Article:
Ashlie Thomas is planting a seed in the Graham community.
After moving from South Carolina four years ago, Thomas said she began to realize that diverse food options were limited in Graham compared to surrounding cities like Greensboro, Chapel Hill and Durham. Now, she’s using her love for nature to find her niche here in Alamance County.
Thomas grows over 80 different herbs and over 40 different fruits and vegetables in her garden. It’s a Certified Natural Habitat, which she got approved through the National Wildlife Federation. She’s currently preparing for the fall growing season by planting vegetables like broccoli, collard greens and beets. Thomas grows year round in her garden and said she’s always busy. Fall is her favorite growing season because it’s minimal effort for a big harvest.
“We're growing all of those things, those cruciferous vegetables that are really good in soups and as side dishes or even wraps,” Thomas said. “So there's a lot of versatility for the produce that will be growing in the fall and in the winter.”
Thomas said there’s a misconception to gardening in the fall because people assume everything dies as temperatures drop.
“You can actually get quite a few things that typically just slip under the radar,” Thomas said. “We don't realize that during the fall and the winter, especially in our climate, they grow the best during that time.”
As she prepares for the fall, she plans to give back and deepen her connections with organizations in the area. Thomas is a graduate student at North Carolina A&T State University studying food and nutritional sciences. Her research focuses on implementing strategies to address food insecurity. Thomas said the issue isn’t “one size fits all,” and gardening addresses finding secure food on a very individual level.
“Gardening can not only provide greater access to some of these more nutrient-dense foods, but it also helps to indirectly teach us about what's out there, what can I eat, and we're more inclined to actually try these things,” Thomas said. “I believe that community gardens, backyard gardens, even just the act of trying to grow your own food or learning how to grow your own food, can help to push the bar just a bit toward perhaps creating a bit more access for people.”
One of the organizations Thomas is working with is Benevolence Farm. She serves on the board of directors and frequently works with Kristen Powers, the executive director of the non-profit organization. Powers said they’ve been fortunate to work with Thomas because of her expertise with food access, health and nutrition, and her large Instagram following is a great tool for communicating and teaching that information.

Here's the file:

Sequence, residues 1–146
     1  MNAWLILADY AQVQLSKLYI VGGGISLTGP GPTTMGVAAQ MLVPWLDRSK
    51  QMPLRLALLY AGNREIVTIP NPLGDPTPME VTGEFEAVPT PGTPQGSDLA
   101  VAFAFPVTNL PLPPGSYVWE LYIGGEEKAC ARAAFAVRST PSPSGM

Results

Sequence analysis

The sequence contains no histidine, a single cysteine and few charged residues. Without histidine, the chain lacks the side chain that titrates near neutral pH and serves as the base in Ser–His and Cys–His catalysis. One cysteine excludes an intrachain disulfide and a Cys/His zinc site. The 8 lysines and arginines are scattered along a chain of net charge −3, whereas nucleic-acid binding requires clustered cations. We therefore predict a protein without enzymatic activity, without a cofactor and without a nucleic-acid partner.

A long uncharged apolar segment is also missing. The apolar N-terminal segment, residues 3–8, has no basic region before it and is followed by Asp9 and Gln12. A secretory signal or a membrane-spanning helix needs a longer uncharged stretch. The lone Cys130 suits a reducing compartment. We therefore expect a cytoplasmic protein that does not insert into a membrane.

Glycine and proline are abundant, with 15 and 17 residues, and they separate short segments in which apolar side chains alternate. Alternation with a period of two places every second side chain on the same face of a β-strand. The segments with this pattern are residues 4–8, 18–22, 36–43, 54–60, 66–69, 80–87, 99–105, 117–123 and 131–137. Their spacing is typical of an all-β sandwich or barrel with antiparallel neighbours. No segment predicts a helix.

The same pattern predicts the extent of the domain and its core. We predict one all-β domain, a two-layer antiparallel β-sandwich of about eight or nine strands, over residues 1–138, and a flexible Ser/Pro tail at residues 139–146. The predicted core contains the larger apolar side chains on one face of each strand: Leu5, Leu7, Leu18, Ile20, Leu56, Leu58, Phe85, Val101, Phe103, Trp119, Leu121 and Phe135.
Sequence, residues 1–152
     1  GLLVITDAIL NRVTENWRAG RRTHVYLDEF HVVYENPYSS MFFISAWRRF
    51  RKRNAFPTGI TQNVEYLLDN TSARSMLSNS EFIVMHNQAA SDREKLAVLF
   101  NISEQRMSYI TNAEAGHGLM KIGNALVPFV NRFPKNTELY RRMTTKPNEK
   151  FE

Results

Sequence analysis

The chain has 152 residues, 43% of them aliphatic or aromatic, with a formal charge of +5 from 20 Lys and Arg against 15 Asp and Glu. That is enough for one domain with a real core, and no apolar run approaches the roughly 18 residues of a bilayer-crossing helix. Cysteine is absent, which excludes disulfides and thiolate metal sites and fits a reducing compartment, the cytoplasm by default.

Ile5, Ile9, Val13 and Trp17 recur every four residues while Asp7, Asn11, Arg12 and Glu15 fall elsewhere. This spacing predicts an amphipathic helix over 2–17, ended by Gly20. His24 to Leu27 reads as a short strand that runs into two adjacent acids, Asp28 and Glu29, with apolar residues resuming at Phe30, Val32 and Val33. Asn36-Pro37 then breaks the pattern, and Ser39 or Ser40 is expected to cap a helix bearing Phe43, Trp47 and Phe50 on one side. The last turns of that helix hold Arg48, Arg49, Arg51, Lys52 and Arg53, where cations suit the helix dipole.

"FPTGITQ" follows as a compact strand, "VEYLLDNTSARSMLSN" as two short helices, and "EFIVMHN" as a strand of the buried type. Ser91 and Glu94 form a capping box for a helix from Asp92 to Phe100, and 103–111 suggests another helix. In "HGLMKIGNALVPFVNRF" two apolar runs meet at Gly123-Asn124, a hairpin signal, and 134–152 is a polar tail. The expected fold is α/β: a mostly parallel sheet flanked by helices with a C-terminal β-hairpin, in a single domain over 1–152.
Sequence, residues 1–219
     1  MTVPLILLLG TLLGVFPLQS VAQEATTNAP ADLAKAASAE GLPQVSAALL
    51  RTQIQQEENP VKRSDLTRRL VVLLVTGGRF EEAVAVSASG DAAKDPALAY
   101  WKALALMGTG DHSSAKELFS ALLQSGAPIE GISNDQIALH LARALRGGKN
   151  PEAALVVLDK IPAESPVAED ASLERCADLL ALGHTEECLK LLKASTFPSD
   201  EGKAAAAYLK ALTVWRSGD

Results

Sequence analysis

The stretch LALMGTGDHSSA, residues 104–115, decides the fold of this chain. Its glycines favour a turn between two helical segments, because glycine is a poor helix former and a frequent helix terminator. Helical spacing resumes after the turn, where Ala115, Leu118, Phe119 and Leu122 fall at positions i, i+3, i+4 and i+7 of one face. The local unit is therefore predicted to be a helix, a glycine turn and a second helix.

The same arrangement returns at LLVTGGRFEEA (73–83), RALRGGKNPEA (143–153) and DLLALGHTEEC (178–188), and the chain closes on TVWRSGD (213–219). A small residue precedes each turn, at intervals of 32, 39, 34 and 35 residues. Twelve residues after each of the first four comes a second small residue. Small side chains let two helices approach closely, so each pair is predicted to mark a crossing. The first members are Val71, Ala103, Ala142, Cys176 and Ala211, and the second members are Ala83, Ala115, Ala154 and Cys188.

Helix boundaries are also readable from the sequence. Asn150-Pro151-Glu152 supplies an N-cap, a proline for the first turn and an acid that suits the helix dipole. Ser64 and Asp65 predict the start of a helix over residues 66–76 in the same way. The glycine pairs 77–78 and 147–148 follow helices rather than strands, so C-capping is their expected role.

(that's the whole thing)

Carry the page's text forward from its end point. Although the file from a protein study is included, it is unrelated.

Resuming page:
“She's been able to transfer the skills she's learned through that effort, combining our education platform on Instagram with her gardening, to transfer to Benevolence and how we better share stories or better share what's going on at our farm, especially given the community we work with,” Powers said. “So that's been a really neat mutual learning experience and she's very good at partnerships, very good at community building.”
Powers said food can be an easy thing to take for granted when people have access to it all the time. Her organization is all about helping formerly incarcerated women. She said food is not a guarantee for people coming home from jail or prison because they may not have a steady income or they may have been denied government benefits. Powers said the restriction can vary from six months to a lifetime.
“A lot of the general community don't know that it is even a system problem,” Powers said. “I think the scope between Ashlie and her work and Benevolence is work with food. It’s not only how we get food into the hands of people who need it, but how do we also solve the infrastructure problems we have that make it difficult to get that food in the first place?”
Thomas agrees that there’s still systemic changes to make, such as in educating people or providing access to transportation, but gardening is a small step in that direction. But, there’s also steps students can take too. Thomas encourages students to get in touch with their community gardens and overcome the stigma around getting food from a food pantry or bank.
“Food is food. Food should be available for everyone, food should be accessible for everyone,” Thomas said. “As a matter of fact, normalize going with your friends to get the foods that you need. Even for friends that may not have access to food as well. So tap into those resources if you can, and remember, this is completely normal.”
Elon freshman Abigail Wiatrek is a volunteer through the Kernodle Center for Civic Life and said Campus Kitchen and Loy Farm are both beginning some of their first cooking and volunteer shifts this week. She said volunteering through these organizations can help meet the needs of both the Elon and surrounding communities.
“It leads to a lot of really good engagement of understanding where food comes from and the understanding behind the instability that comes with food insecurity and helping address that problem,” Wiatrek said.
For anyone interested in gardening, Thomas suggests starting small with just one plant and growing from there. She said her garden is open to anyone, and it’s a sanctuary for big and small creatures alike. Thomas said she hopes her holistic approach to wellness can bring just as much healing as giving back what comes from it.
“This is a very healing place. It's a place to ground and it's a place to come to the realization of our place in the world,” Thomas said. “That's to love and be compassionate and all of those things.”